The album's back cover depicts a family whose father says, "I spend most of our money on myself so that I can stay fat", while the mother and children declare, "We're grateful for his leftovers". On the album's inner sleeve, designed by Gill, small photographs depicting scenes shown on television are interlaced with text illustrating what the band suggests are the misleading subtexts of media presentation: "The facts are presented neutrally so that the public can make up its own mind"; "Men act heroically to defend their country"; "People are given what they want".

ReleaseEdit

"At Home He's a Tourist" reached number 58 in the UK Singles Chart, the highest position of any Gang of Four song.[6] The band were originally asked to perform the song on Top of the Pops. However, when the show's producers heard the line "And the rubbers you hide in your top left pocket" they asked the group to change the word rubbers to rubbish for fear of causing offence; the four band members refused and the appearance was cancelled.[7][8]

In 2005, the band performed the album live in its entirety as part of the All Tomorrow's Parties-curated Don't Look Back series. In 2009, King wrote a track by track commentary on the album for Clash.[9] Hugo Burnham's memories of making the album were published in 2014 on the 35th anniversary of the release of the album.[10]

ReceptionEdit

Professional ratings
Review scores
SourceRating
AllMusic     [11]
Blender     [12]
Christgau's Record GuideA[13]
Encyclopedia of Popular Music     [14]
Entertainment WeeklyA+[15]
Pitchfork9.5/10[16]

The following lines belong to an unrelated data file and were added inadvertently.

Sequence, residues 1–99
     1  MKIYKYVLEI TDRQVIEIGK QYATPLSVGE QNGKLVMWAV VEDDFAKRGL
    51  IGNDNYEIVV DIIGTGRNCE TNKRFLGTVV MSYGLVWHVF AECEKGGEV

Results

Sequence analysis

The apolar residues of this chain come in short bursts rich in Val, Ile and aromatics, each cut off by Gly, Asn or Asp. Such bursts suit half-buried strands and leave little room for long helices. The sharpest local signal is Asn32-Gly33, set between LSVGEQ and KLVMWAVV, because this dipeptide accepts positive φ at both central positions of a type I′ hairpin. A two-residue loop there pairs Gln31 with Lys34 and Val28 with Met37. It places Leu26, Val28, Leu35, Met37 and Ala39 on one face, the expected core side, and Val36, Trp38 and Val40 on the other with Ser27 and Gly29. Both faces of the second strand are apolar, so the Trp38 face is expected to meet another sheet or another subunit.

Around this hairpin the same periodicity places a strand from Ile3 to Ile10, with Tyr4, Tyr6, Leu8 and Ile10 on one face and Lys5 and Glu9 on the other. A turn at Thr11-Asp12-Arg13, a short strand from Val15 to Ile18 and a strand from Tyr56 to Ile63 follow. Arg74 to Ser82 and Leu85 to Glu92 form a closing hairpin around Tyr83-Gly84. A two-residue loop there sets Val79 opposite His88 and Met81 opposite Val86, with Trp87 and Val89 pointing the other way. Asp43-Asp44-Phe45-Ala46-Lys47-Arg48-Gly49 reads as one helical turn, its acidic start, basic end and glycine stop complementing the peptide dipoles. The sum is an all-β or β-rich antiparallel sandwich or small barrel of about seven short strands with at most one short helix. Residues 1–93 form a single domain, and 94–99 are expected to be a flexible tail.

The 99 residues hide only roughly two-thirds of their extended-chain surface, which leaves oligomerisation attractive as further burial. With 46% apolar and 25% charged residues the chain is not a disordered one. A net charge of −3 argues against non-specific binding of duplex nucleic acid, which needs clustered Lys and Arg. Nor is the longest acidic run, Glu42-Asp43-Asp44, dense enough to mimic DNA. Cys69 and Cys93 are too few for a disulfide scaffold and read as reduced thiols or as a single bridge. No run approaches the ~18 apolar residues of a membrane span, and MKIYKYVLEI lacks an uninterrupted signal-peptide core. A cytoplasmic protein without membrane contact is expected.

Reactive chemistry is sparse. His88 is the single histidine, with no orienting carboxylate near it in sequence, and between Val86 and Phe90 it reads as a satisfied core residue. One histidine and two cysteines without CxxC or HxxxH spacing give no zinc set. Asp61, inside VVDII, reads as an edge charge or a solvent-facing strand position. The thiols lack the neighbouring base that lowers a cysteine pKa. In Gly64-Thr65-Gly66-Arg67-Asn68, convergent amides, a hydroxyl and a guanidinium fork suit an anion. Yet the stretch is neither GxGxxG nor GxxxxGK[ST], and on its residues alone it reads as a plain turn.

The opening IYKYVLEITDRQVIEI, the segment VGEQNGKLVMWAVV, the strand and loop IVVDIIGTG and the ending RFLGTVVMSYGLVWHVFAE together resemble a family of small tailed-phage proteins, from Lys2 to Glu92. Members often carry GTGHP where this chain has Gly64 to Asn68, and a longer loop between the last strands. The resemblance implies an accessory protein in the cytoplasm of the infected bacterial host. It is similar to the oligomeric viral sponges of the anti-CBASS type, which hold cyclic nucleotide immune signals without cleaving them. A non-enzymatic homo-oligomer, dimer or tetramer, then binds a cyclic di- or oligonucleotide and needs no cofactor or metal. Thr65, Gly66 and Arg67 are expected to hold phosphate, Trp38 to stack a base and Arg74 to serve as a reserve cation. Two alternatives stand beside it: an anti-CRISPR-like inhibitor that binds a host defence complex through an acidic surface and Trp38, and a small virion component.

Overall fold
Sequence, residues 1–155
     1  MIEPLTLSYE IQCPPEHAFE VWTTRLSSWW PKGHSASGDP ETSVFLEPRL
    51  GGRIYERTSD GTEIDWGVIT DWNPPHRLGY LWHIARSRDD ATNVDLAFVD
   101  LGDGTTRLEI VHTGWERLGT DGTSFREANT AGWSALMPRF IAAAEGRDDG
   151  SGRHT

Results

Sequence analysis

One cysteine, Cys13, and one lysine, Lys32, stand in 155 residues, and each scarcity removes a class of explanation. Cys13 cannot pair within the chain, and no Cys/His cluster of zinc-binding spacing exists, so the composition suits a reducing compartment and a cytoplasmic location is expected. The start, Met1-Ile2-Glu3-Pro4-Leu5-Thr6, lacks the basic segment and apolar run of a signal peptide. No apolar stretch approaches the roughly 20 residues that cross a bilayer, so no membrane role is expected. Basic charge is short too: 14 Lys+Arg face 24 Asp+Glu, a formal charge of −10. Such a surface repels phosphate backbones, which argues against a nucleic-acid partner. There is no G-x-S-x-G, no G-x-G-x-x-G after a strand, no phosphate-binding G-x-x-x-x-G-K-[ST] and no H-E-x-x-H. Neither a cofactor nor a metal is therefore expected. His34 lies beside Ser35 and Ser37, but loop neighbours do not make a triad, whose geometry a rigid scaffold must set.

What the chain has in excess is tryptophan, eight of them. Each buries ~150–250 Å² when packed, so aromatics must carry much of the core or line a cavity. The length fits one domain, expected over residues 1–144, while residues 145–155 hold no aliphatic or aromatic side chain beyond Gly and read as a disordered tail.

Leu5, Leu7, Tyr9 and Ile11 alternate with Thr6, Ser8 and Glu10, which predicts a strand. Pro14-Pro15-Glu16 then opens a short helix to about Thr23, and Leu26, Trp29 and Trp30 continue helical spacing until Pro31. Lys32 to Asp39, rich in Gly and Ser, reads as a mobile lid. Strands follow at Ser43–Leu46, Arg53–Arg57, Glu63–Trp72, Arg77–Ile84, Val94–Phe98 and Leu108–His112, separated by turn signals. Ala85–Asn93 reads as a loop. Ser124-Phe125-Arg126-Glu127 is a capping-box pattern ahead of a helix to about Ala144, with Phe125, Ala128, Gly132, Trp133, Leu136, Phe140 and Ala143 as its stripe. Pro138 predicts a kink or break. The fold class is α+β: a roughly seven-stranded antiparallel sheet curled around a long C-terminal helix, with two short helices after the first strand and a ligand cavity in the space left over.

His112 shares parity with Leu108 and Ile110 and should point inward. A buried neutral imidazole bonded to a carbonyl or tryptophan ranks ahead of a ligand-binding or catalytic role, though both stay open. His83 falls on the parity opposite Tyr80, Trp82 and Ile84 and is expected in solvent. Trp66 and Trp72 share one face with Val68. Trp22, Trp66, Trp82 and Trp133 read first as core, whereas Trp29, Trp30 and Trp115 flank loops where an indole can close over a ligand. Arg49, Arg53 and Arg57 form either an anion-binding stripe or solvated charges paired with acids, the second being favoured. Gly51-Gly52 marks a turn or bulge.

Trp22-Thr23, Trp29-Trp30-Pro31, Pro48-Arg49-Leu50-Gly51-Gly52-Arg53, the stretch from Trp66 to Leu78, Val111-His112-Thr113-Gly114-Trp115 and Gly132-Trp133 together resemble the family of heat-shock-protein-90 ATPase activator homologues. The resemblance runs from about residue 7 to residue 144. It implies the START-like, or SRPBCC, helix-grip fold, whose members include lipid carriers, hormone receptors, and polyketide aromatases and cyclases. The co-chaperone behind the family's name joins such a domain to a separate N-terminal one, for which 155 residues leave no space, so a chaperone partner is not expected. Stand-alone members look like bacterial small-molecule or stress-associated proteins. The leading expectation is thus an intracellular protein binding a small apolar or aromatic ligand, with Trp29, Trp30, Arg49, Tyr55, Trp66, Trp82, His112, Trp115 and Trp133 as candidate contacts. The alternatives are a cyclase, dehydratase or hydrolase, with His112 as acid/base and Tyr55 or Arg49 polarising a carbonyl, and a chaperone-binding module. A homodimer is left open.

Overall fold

Q     [17]
Record Mirror     [18]
Rolling Stone     [19]
The Rolling Stone Album Guide     [20]
Spin Alternative Record Guide10/10[21]

Entertainment! was ranked the fifth best album of 1979 by NME.[22] Reviewing the album in Rolling Stone in 1980, David Fricke regarded Entertainment! as "the best debut album by a British band – punk or otherwise – since the original English release of The Clash in 1977".[23] Creem's RJ Smith, looking back on Entertainment! in 1984, found it to be "the most difficult Gang album, because it's so damn hard to find the front door to the thing. The ugly emotions Entertainment! dredges up are almost freakish, and all the more unsettling for the way they poke unexpectedly through the record's detached, architectonic front."[24]

In 2004, Pitchfork listed Entertainment! as the eighth best album of the 1970s.[25] In 2003, Rolling Stone ranked the album at number 490 on its list of the 500 greatest albums of all time, raising the album's rank to number 483 in their 2012 update of the list, saying that its "stiff, jerky aggression... invented a new style that influenced bands from the Minutemen to LCD Soundsystem".[26][27] In their 2020 reboot of the list, Rolling Stone ranked the album number 273. In March 2005, Q placed the track "At Home He's a Tourist" at number 52 on its list of the "100 Greatest Guitar Tracks". As of 2009, Entertainment! has sold more than 100,000 copies in the UK.[28]

The album has also attracted praise from rock musicians. Kurt Cobain listed it as one of his 50 favourite albums of all time.[29] Flea of the Red Hot Chili Peppers stated that the first time he heard the record, "It completely changed the way I looked at rock music and sent me on my trip as a bass player."[30]